The anticipation for a TV series going into its second season isn’t unlike that of an athlete coming out of his rookie year: There’s reasonable expectation of some kind of progression now that enough time has gone by for the kinks to have been worked out. Which makes it all the more disappointing that a show set in the world of pro football, HBO’s “Ballers,” doesn’t seem to have elevated its game in its sophomore outing.
The lingering problem is one that plagues many teams: no matter how good a franchise player is, winning is difficult without at least some strength in the supporting cast. Unfortunately, “Ballers” rests almost entirely on the mountainous shoulders of A-list attraction Dwayne Johnson.
That’s odd considering HBO knows all too well how much power its comedies draw from deep benches, from the ensembles at “Veep” to “Silicon Valley.” The last comedy “Ballers” creator Stephen Levinson parked at HBO, “Entourage,” may not measure up to the channel’s new generation of half-hours, but that show understood how important it was to sprinkle memorable characters even into minor roles.
But as was the case in its first season, there’s noticeable drag in the story every moment “Ballers” spends away from protagonist Spencer Strasmore (Johnson), a former NFL lineman who brings the same competitive spirit that made him successful on the field to his second career as a financial advisor to football players. Maybe he’s too driven, as the second season suggests: Strasmore finds himself in a feud with the top dog in his new business (new series regular Andy Garcia) after poaching one of his clients. A brawl with that client also leaves Strasmore with a serious hip injury he begins self-medicating by abusing prescription painkillers than get the surgery he needs.
If that sounds familiar to those who saw “Ballers'” first season, it’s because Johnson spent much of those episodes pill-popping in fear he suffered long-term damage from too many traumatic brain injuries during his playing days, only to eventually get a clean bill of health from his neurologist. While it’s a nice touch on a show that deserves points for authenticity that a retired NFL star would be dealing with lots of health problems, the storyline plays out in a pretty repetitive rhythm to the “Ballers'” rookie season.
If all these plots don’t sound particularly knee-slapping, that’s because the show actually straddles the line between comedy and drama more than most HBO half-hours. A lot of credit for that balancing act should also go to Johnson, who acquits himself nicely in either mode. The role seems as tailor-made to fit him as the incredible array of power suits he wears in each episode, ensembles deserving of their own Pinterest page.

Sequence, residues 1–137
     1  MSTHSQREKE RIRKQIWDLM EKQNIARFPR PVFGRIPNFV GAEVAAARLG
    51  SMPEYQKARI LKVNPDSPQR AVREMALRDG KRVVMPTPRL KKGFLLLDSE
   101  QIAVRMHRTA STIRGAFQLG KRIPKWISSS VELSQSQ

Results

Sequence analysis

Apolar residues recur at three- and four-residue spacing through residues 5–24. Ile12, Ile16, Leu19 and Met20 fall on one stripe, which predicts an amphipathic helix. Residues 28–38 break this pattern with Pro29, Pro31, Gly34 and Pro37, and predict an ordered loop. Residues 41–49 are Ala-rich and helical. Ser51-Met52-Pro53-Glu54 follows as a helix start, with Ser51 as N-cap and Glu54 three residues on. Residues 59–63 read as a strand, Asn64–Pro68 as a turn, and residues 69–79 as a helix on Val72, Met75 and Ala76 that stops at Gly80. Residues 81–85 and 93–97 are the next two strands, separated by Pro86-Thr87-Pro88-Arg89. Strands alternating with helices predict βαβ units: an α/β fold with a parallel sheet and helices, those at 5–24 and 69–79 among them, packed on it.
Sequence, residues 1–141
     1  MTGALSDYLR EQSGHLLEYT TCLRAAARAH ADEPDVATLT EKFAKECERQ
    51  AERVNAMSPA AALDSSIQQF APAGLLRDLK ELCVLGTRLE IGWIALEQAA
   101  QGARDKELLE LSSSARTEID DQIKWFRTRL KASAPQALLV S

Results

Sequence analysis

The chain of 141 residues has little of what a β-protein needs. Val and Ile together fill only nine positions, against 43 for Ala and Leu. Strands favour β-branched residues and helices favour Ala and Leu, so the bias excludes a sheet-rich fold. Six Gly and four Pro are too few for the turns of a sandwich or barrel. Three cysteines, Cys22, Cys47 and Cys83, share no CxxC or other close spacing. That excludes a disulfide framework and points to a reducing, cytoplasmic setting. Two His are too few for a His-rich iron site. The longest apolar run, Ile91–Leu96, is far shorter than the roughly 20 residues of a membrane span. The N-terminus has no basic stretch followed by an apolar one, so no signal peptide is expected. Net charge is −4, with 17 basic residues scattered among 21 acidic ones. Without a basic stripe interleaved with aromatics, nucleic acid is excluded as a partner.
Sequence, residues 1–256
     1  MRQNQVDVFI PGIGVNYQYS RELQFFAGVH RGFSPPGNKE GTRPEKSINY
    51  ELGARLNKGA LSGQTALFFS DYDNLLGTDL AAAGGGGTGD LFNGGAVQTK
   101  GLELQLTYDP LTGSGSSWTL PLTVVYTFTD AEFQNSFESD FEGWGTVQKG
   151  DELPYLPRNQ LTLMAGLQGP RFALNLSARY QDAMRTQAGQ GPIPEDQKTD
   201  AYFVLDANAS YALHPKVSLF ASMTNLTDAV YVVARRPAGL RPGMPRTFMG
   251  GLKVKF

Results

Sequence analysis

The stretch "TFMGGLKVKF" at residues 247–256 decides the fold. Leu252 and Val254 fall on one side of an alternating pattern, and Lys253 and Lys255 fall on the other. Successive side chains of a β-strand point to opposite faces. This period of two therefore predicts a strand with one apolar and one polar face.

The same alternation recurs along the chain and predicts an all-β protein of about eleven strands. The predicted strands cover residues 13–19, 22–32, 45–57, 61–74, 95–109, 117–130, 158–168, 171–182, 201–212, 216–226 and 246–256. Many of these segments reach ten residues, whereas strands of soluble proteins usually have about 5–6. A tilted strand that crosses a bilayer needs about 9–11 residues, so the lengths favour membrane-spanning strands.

Levinson makes “Ballers” just as much a visual treat in its depiction of Miami’s luxe fashion, architecture and nightlife as he did for “Entourage” in Los Angeles. But all the eye candy in the world can’t compensate for the show being too dependent on Johnson.
As Strasmore’s antic partner, Joe Krutel, Rob Corddry isn’t given enough to do beyond banter wittily with Johnson. He should be “Ballers'” scene-stealer, akin to Jeremy Piven in “Entourage,” but barely gets his own storylines in season 2.
He’s not alone; the screen time without Johnson seems to have been indiscriminately divvied up among a group of characters that just don’t register. While more grizzled and gravel-voiced than ever, Garcia is unremarkable. Returning series regulars Omar Miller, Troy Garity, Dulé Hill and Donovan W. Carter are shuffled from one forgettable B story to the next. London Brown, who was at least a good foil for Johnson in the first season as a trouble-making hanger-on to one of Strasmore’s star clients, continues to get significant screen time even though resolving their beef makes him far less compelling.
And what should be a breakout vehicle for John David Washington, who has the looks and charm of his legendary father Denzel, as a talented but emotionally erratic wide receiver, just isn’t, though he may be the only example of a character who seems more interesting in the second season. His boring relationship struggles have been traded in for a more compelling storyline about being courted by various teams in free agency, nicely capturing the absurdity of how excessively pro sports overindulges in athlete recruitment.
And as for “Ballers'” female characters, there’s not enough there to even criticize.
“Ballers” should be the kind of show in which viewers come for Johnson but stay for at least one character from some hilarious assortment of options. But the only one that comes close to qualifying is Corddry.
If a third season happens, HBO might want to take a cue from “It’s Always Sunny in Philadelphia” and bring in a mid-run ringer as the FX series did with Danny DeVito. One suggestion: find a way to write more for Christopher McDonald, who plays a slick team owner. He deserves more than the 60 seconds he gets in the first five episodes of the season.
Think of “Ballers” as a .500 team in TV’s comedy standings, which doesn’t mean it’s a bad show. To the contrary, what’s frustrating is how it seems just a new player or two away from a winning record.